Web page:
Hardware Behind the Consoles - Part II: Nintendo's GameCubeby Anand Lal Shimpi on December 7, 2001 3:44 AM EST
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"If cache is so fast, then why isn't everything made out of it?"
One of the most interesting things about the GameCube design is its focus on memory bandwidth efficiency. It attains this efficiency through the use of a special type of memory known as 1T-SRAM that offers lower latency operation and higher overall bus utilization than conventional DRAM. But before you understand exactly what that is, you have to look at the differences between conventional DRAM and SRAM.
The cache on the die of the Gekko CPU or any other CPU for that matter is a type of RAM known as Static RAM or SRAM. The prefix static comes from the fact that unlike DRAM (Dynamic Random Access Memory), SRAM cells do not have to be constantly "refreshed" in order to retain their data (since DRAM is capacitance based, it loses its charge after a while requiring a refresh of that charge in order to retain its data). One of the reasons DRAM is so much slower than SRAM is because of this constant refreshing process. It turns out that when reading the contents of a DRAM cell, the cell is actually refreshed making the most common way of refreshing DRAM cells to actually read the contents of the cell.
This is perfectly fine except for when the contents of the cells being refreshed are being read from or written to. SRAM avoids this by using a combination of usually 4 to 6 transistors to statically hold the data being stored in the memory. DRAM on the other hand only uses a single transistor in combination with a capacitor to hold data; the introduction of the capacitor greatly reduces the die size of DRAM cells thus making them cheaper to manufacturer but also introduces the problem of refreshing as we mentioned above.
Here you can see the problem with conventional SRAM being used in mass quantities since you can get multiple times the amount of SRAM out of DRAM at the same cost. The cost of SRAM prohibits it from being used as a main memory solution, but it makes perfect sense for use in small amounts such as in a cache.
A company by the name of Monolithic System Technology, Inc. (MoSys) came up with a clever design for DRAM that give it many of the performance benefits of SRAM without incurring a huge cost penalty.
The technology that has garnered all of the attention for MoSys is what they like to call 1T-SRAM. The name implies that they have been able to produce SRAM using only a single transistor (1T) instead of the 6 transistors that are much more common. The reality of the situation is that 1T-SRAM is much more like a special form of DRAM than it is like SRAM. The reason being that 1T-SRAM still requires its memory cells to be refreshed in order to retain their data, the only difference being in its very efficient method of refreshing those cells. According to MoSys, their 1T-SRAM design can hide the refresh process quite effectively to the point where they can claim latency and bandwidth figures that would rival those of conventional SRAM (although not surpass). Obviously it's very difficult to test since there have been very few cases where 1T-SRAM has been used in a testable platform, but it's clear that the technology does allow for lower latency accesses and higher memory bandwidth utilization. But at what cost?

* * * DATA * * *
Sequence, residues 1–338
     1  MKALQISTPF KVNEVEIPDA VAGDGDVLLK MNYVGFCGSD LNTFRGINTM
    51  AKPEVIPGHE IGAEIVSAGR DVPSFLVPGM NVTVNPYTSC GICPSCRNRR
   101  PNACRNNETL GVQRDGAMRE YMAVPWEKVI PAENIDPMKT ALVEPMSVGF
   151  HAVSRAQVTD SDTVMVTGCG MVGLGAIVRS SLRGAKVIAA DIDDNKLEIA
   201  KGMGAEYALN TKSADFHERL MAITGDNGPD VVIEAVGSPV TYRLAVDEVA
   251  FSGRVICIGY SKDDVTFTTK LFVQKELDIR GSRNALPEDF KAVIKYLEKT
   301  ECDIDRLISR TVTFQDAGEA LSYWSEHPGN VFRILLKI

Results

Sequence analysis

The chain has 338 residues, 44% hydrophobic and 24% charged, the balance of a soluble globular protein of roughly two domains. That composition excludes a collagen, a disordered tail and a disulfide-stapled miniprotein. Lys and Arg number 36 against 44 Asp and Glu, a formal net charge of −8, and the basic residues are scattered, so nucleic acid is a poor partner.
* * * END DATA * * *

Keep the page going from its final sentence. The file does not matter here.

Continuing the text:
MoSys claims that a 64Mbit 1T-SRAM has a die that is 10 - 15% larger than a 64Mbit SDRAM. While that may not seem like much, do keep in mind that a 64Mbit RDRAM device is 15 - 30% larger than the same 64Mbit SDRAM. This would put the additional cost in terms of die size of 1T-SRAM equal to anywhere between 1/3 and 1/1 of the added cost of RDRAM (production cost excluding license royalties) over SDRAM. However, 1T-SRAM is still cheaper than regular SRAM again because of the fact that it is manufactured using a single transistor vs. 6 for most SRAM designs.
The performance aspects of 1T-SRAM are very difficult to quantify because we've never seen it on a benchmarkable platform making the assessment of its value equally difficult. Needless to say that we didn't present you with this explanation for no reason, as Nintendo saw it fit to make heavy use of MoSys' 1T-SRAM in their GameCube design.